He said, “The real thing is that the military comes out of the womb of the people. Thus, the slogan must be like this: ‘The people are the only parents of the military.’ Anyone who does not care about his own parents is a rogue,” he pointed out to the generals.

He also emphasized that if the generals really loved peace and wanted prosperity for the nation, they needed to sincerely reflect on their limitations. The generals might want what’s best for the country, but they did not know how to handle the entire state of affairs. They are used to mismanagement. “Eventually, I came straight to the point: The army must go back to the barracks. That will make everything better in Burma,” he told me plainly.

The junta was very disgruntled with his criticism and accused him of advising Daw Aung San Suu Kyi to defy the junta. Then, they made another lawsuit against him. The junta increased U Win Tin’s sentence by 10 more years. They put him alone in his cell. The cell was 8.5 x 11.5 feet. There was only a bamboo mat on the concrete floor. Sleeping, eating, walking and cleaning the bowels were done in the very same place. He could not see the sun, the moon or the stars. He was intentionally barred from breathing fresh air, tasting nourishing food and drinking a drop of fresh water. The worst thing was throwing the old writer into solitary confinement in such a cage for two decades. That might cause a person to have a nervous breakdown. There are many political prisoners who suffer from mental illness.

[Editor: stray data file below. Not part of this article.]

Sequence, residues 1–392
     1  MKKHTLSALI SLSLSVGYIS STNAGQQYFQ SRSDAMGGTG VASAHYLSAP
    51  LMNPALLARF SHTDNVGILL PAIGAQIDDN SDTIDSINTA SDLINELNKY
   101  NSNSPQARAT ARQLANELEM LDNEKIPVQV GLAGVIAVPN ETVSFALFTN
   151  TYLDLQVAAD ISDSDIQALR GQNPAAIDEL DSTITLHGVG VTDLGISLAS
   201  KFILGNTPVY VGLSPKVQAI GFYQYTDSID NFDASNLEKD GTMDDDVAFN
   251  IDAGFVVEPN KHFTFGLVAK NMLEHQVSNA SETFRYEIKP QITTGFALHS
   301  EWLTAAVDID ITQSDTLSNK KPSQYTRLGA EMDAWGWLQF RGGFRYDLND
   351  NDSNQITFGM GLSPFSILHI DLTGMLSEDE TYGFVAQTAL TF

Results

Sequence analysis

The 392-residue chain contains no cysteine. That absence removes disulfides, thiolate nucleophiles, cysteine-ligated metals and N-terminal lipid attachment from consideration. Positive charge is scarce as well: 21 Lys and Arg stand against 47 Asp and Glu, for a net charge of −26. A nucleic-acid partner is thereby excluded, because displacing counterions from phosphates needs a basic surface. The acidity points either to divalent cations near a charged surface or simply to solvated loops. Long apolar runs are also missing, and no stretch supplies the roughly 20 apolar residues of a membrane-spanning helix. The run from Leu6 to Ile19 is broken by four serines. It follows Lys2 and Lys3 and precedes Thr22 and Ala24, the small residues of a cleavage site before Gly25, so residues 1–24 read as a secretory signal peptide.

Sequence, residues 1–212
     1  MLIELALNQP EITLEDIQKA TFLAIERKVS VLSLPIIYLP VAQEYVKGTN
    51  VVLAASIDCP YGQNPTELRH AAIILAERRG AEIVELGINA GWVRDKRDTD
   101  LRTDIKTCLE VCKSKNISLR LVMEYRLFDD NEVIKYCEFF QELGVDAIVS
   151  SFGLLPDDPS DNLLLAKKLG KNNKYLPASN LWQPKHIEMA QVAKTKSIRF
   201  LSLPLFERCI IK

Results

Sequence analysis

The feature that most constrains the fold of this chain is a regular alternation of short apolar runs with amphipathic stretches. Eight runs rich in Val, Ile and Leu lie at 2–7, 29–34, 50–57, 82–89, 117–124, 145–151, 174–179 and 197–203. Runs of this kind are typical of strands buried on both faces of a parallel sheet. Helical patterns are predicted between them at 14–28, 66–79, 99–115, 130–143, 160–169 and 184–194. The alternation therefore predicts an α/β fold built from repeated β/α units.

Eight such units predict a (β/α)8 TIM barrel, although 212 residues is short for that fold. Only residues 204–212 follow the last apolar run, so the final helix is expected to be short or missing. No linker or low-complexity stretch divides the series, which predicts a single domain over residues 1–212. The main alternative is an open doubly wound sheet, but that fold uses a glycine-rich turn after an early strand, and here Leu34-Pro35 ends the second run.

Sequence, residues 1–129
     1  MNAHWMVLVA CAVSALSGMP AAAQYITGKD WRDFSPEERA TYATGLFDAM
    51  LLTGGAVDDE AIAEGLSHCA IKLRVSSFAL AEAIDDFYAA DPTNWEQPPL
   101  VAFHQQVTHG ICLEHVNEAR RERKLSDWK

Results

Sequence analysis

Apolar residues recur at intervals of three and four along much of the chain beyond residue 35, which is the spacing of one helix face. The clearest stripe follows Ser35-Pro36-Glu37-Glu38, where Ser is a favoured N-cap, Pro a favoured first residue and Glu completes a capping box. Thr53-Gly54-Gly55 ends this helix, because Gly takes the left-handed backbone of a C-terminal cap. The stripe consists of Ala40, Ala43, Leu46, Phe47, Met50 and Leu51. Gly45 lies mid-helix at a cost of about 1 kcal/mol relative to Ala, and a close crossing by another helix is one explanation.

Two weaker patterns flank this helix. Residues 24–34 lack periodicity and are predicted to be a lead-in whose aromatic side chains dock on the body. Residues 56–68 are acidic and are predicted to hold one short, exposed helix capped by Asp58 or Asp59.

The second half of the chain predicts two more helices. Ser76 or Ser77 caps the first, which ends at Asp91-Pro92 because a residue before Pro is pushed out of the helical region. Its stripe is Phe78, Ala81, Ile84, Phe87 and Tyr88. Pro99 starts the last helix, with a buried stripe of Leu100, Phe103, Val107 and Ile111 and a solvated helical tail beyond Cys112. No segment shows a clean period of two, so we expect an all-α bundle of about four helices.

He has been in a poor condition of health, exacerbated due to meager management in jail, which has included torture, inadequate access to medical treatment, being held in a cell without bedding, and being deprived of nourishing food and clean water for long periods of time.

In 1994, US Congressman Bill Richardson met U Win Tin in Insein jail. Since that time he has continuously suffered from various health problems such as spondylitis, hernia, heart disease, failing eyesight, and urethritis, as well as piles. Most political prisoners were surprised how that gallant journalist was so tough even with so many health troubles. For the junta, U Win Tin is really a man of steel. Although they wish to defeat his sturdy spirit, they could never do it.

Although the Universal Declaration of Human Rights marks its 60th Anniversary, people of Burma have been still suffering various human rights violations under the cruel military regime for almost five decades. U Win Tin’s case is a good example for one of the most inhumane human rights violations under undemocratic regime.